Poll #2: Uncertainty found on ballot measures
One year out, poll finds uncertainty on ballot measures
Further education, robust debate needed for voter clarity
By Michael Standaert, North Dakota News Cooperative
North Dakota voters appear uncertain and under-informed about a prospective ballot measure that could have far-reaching impacts on property taxes as well as a changes governing how future measures appear on ballots a year ahead of 2024 general elections.
The potential vote on eliminating property taxes, and a vote on requiring ballot measures to stick to a single subject as well be passed twice by voters, present changes to the status quo with long-term consequences for voters and state bureaucracy going forward.
According to the first North Dakota Poll, which surveyed 517 voters earlier in November, more voters don’t want to eliminate property taxes than do, and more voters hope to retain the power to bring citizen-initiated ballot measures through one round of voting.
Those were slim margins, however, and both poll questions showed significant numbers of undecided voters.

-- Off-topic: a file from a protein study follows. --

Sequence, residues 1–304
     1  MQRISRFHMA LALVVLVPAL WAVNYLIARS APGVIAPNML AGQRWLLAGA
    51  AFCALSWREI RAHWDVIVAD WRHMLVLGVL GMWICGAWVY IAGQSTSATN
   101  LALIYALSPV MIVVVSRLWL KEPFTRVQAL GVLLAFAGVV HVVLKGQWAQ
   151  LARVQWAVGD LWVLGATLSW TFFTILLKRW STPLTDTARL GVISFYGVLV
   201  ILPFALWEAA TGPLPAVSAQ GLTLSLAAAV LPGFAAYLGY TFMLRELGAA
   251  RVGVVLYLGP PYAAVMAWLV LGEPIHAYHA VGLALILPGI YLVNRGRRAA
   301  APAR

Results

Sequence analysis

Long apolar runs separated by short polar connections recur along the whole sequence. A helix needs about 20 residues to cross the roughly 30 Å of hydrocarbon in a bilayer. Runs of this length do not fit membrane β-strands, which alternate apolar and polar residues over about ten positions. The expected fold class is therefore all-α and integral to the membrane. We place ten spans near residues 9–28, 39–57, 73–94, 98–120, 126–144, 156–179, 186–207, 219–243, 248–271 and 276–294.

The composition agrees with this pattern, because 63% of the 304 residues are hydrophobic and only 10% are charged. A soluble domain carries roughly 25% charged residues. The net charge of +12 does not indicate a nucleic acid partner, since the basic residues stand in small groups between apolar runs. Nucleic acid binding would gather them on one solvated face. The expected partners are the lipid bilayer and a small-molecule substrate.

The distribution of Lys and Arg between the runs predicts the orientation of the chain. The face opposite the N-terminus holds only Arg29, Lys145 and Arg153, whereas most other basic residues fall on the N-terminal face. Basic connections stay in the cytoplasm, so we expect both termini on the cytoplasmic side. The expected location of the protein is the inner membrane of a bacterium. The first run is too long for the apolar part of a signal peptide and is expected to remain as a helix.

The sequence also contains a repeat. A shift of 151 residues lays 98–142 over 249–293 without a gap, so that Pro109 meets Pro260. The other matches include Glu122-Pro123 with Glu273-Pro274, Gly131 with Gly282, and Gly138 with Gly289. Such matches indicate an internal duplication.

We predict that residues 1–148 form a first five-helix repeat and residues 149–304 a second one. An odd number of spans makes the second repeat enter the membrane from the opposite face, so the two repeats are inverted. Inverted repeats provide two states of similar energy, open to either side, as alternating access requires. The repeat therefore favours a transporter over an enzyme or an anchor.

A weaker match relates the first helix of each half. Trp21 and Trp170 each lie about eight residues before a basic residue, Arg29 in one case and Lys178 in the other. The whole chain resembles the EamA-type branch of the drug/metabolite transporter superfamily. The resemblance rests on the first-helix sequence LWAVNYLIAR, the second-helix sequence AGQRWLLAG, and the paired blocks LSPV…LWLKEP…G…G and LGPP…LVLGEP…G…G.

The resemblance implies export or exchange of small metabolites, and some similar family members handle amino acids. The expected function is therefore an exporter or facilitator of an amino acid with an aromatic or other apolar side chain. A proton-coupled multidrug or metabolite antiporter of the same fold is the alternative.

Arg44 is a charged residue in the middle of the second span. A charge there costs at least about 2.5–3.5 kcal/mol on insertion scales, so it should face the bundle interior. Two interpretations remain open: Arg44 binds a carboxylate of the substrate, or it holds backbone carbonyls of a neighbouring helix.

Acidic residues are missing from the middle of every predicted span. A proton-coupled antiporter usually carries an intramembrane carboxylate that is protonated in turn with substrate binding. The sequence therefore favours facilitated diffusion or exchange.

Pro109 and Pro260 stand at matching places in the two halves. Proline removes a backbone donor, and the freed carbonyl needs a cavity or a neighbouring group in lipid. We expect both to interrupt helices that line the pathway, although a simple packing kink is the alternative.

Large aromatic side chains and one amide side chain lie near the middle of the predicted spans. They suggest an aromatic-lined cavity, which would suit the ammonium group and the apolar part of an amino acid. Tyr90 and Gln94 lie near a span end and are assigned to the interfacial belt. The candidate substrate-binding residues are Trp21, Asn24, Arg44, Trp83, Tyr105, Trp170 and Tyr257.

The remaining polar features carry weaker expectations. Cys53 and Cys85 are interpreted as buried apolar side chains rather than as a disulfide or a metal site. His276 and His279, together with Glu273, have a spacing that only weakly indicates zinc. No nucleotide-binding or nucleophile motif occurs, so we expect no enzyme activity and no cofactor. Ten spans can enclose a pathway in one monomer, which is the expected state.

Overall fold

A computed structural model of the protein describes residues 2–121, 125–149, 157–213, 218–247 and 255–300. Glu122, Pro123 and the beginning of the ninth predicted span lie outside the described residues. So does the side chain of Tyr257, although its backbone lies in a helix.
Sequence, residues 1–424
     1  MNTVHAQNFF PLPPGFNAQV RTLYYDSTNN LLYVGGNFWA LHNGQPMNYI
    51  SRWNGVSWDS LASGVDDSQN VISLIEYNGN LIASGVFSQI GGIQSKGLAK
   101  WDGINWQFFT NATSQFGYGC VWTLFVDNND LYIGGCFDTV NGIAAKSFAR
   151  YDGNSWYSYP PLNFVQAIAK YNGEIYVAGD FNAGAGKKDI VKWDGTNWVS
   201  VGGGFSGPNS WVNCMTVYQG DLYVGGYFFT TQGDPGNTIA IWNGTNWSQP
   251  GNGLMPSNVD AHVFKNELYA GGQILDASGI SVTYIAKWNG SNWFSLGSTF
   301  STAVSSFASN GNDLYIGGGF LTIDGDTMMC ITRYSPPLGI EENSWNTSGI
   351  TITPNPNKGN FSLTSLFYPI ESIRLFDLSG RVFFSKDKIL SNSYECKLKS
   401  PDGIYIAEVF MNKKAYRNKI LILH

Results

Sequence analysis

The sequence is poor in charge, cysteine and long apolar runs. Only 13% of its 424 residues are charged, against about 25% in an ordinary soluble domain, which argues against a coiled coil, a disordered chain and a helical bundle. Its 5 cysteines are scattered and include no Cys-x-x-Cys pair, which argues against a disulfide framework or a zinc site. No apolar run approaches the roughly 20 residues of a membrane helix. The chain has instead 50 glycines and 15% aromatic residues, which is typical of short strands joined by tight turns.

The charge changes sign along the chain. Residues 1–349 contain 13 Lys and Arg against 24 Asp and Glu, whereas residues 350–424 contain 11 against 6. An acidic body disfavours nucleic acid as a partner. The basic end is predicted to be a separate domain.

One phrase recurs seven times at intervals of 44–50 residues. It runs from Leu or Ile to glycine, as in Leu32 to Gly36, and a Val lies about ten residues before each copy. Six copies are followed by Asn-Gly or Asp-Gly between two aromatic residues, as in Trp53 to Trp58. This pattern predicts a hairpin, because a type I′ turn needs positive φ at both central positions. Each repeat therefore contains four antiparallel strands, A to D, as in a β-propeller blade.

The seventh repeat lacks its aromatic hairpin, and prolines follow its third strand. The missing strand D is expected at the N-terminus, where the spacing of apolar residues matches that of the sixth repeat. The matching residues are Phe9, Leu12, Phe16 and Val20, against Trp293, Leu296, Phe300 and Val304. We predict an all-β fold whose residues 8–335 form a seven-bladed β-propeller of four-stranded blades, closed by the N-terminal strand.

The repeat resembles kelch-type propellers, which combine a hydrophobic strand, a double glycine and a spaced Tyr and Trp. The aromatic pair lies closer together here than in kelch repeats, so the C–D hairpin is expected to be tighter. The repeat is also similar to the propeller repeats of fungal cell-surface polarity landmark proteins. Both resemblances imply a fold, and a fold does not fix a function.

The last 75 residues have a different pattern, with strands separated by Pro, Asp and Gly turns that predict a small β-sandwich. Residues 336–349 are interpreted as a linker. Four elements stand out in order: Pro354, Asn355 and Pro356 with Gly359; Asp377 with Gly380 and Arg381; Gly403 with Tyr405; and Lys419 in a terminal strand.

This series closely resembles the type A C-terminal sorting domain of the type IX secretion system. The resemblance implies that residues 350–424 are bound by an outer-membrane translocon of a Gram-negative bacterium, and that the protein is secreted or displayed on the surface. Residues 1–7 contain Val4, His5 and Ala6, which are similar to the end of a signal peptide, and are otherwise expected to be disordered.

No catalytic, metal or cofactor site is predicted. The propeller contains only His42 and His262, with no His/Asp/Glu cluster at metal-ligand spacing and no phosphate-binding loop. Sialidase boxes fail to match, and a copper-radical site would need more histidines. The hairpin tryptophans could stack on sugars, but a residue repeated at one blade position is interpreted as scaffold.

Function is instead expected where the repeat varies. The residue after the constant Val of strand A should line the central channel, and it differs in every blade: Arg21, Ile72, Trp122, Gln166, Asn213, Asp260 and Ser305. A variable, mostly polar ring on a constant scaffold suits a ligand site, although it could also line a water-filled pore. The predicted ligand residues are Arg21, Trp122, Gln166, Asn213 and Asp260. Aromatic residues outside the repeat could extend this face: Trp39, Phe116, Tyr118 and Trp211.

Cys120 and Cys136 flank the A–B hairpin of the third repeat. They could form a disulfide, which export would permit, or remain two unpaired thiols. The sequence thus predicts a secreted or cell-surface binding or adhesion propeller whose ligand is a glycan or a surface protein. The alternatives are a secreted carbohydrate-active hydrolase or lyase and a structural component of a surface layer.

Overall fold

For those on either side of the debate, this signals a need to further educate the public about the potential real-life impacts of the changes as well as a need for continued polling and debate.
On the question of property tax elimination, supporters of that proposal say the question presented a false-dichotomy and that local control would remain whether property taxes are abolished or not.
“The poll was really not a measure of the public support for the measure,” said former Republican state representative Rick Becker, who heads a 25-member committee sponsoring a measure to eliminate property taxes. “It was it was more of a measure of the efficacy of the argument the opposition will use.”
According to the poll, a plurality of voters, 49 percent, want property tax decisions to remain under local control, while 38 percent want them eliminated in favor of requiring the state legislature to replace lost revenue with other state funds. A significant total of 13 percent chose not to answer.